Intangible Assets: What They Are and How They Can Add Value to Your Business

Contrary to popular belief, not all assets are tangible or even capable of bringing in revenue. These things are called intangible assets, and though you can’t see them, they’re still essential to your business.

However, that doesn’t mean they’re easy to understand at first. These assets can boost your business value, and once you understand how, your next business valuation services appointment will be a pleasant surprise, rather than an ice-cold reality check.

What are Intangible Assets?

Intangible assets are, simply put, the long-term assets of a company that do not have any tangible existence. Intangible assets often come in the forms of copyrights, goodwill, non-compete agreements, patents, etc. Of the 26.5 million businesses currently in the United States, most fail to realize the value of their intangible assets.

A trademark is any symbol, name, mark, word, or letter used by a company in order to differentiate one from another within the market. It provides visual differentiation from other companies on the market and can play a role in increasing a business’s value if it’s widely known and respected by consumers.

Copyrights grant a company right to design, manufacture, and sell its unique products or services. For example, if you create any intellectual works related to your business, those need to be copyrighted to ensure you have complete rights to them.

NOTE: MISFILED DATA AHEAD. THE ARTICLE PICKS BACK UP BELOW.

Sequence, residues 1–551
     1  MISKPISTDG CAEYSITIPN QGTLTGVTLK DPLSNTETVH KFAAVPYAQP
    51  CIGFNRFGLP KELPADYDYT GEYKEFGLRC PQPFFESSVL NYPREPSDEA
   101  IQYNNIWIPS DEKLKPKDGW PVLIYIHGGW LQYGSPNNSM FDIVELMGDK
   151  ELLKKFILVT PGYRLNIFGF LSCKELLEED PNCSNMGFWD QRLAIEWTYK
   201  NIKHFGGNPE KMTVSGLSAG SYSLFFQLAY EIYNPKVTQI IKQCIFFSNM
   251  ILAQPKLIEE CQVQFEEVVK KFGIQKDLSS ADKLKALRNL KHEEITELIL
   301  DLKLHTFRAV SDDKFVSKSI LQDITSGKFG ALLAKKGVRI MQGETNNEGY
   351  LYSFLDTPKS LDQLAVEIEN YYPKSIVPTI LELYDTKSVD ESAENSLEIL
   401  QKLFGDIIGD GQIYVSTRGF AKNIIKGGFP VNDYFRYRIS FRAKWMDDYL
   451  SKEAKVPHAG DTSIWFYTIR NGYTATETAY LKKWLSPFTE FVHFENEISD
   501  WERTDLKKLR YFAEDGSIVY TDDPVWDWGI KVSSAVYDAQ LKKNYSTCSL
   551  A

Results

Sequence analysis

Believe it or not, your employees play a vital role in small business valuations. They are another form of intangible assets, as their skills and knowledge play a major role in how well a company performs.

How Intangible Assets Affect the Value of Your Business

Certain types of intangible assets are more valuable than others. Intangible assets such as intellectual property, knowledge, and relationships often play an outsized role in contemporary businesses compared to traditional assets like equipment, machinery, and technology.

However, the development of these intangible assets is essential to the long-term life of a business. Of the 5.4 million firms with employees operating today, seven out of 10 new firms only survive about two years, and a big part of that is a lack of intangible assets.

Any business valuation firm will tell you that it’s important to keep track of all of your assets, both tangible and intangible. Business valuation services take all of those things and use them to complete any number of comps valuations.

You may not think much of these assets at first, but they could make or break your business value. Have questions about intangible assets?